Primary arterial thrombosis of nonembolic origin has been stated1 to be unquestionably of bacterial origin. Only within the past thirty years, however, has much attention been directed toward, or any observation made of, thrombosis associated with infectious fevers. Arterial thrombosis is not considered to be unusual in cases of influenza, but in the other infectious diseases in which it has been encountered it is described as an uncommon complication. Welch2 stated that arterial thrombosis associated with gonorrhea is very rare. Heller's3 collection of only twenty-six instances from the literature illustrates its infrequency of occurrence.
Frazier1 stated that chemical changes in the blood resulting in a liberation of fibrin ferment must be considered as an important etiologic factor in the production of arterial thrombosis. Welch stated that this factor is of undoubted importance, especially in thrombosis in toxic conditions. It is entirely conceivable that the intramuscular injection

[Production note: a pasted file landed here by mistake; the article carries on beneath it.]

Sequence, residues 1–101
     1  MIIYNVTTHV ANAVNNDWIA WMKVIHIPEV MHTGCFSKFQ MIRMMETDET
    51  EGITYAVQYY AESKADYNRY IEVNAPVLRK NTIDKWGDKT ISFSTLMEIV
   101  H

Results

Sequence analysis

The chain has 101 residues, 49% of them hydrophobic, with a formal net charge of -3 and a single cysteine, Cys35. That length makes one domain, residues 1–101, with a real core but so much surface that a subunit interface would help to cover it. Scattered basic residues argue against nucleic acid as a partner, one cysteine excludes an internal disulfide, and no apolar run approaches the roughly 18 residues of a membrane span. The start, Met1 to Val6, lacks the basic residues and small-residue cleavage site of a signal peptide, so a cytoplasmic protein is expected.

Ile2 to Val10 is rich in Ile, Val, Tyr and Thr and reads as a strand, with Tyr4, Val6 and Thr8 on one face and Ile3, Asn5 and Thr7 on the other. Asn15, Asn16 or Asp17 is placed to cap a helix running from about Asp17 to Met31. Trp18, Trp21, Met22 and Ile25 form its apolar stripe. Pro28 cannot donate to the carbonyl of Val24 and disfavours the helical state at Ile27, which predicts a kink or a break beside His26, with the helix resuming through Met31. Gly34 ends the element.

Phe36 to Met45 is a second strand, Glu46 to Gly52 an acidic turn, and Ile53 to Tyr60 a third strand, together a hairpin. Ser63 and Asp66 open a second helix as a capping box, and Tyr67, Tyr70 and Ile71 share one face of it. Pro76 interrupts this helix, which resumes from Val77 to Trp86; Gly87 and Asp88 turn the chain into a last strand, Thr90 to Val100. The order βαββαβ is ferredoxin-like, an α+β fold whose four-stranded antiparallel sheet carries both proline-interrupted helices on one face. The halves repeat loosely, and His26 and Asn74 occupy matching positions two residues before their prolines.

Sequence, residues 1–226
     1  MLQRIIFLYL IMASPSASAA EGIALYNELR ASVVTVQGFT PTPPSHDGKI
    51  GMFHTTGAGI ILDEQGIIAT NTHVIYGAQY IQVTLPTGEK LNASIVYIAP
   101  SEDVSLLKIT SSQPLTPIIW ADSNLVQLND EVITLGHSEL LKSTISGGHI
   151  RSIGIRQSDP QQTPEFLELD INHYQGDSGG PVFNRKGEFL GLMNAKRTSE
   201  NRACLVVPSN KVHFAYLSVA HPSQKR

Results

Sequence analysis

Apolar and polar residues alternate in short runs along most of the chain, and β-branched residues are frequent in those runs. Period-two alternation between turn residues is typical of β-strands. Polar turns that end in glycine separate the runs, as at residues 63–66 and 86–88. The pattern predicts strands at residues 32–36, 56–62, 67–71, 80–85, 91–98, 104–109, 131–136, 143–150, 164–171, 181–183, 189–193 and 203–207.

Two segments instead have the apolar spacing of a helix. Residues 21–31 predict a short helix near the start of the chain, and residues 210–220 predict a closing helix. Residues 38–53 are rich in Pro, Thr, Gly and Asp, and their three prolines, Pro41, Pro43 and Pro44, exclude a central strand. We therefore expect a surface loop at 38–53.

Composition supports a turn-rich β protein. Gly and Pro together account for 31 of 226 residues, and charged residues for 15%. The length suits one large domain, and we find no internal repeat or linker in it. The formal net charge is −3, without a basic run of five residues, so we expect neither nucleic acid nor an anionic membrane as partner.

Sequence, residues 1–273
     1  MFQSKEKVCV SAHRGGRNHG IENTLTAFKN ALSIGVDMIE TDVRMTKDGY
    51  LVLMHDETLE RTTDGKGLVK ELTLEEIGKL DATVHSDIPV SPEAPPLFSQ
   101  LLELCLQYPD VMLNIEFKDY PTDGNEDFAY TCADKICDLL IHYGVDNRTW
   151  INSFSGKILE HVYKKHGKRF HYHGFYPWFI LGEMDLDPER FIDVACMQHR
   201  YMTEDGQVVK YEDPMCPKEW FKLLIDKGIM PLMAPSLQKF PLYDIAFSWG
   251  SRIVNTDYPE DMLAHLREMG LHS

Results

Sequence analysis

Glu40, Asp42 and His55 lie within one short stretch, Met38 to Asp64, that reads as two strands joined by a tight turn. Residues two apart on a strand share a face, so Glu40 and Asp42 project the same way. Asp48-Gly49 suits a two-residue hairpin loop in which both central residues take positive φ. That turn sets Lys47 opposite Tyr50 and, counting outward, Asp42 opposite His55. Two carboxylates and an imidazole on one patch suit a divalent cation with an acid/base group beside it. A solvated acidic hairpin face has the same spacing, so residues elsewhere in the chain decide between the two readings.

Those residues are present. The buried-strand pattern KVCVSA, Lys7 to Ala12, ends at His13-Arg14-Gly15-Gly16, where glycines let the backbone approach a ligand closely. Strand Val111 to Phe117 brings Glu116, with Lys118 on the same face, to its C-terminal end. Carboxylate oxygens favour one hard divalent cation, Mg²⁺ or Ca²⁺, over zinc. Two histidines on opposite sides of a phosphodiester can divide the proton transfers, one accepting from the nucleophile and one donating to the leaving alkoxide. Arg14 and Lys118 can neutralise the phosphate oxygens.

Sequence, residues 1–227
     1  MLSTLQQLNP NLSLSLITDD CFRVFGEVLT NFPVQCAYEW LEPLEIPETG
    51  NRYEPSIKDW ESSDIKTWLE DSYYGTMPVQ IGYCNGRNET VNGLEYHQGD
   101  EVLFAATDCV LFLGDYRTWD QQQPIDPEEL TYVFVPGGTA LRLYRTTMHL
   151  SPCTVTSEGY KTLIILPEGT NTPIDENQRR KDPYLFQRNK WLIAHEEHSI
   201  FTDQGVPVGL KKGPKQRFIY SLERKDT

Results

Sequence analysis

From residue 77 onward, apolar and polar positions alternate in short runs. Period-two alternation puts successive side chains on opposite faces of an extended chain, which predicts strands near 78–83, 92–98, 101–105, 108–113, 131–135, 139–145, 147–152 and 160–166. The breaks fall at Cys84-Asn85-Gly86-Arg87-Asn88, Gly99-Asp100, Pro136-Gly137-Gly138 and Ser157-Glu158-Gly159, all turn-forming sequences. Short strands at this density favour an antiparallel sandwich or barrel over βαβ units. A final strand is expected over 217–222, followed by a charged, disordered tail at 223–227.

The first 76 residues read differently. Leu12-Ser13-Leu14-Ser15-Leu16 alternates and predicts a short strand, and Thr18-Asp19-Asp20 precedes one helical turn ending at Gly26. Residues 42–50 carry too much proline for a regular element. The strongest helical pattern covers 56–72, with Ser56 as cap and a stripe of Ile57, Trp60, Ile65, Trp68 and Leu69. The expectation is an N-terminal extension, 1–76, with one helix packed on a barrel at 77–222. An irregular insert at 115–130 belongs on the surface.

MEAD CH, STEWART RI. PERIPHERAL ARTERIAL THROMBOSIS: SECONDARY TO GONORRHEAL ARTHRITIS AND INTRAMUSCULAR INJECTION OF MILK. Arch Surg. 1934;29(1):49–53. doi:10.1001/archsurg.1934.01180010052006
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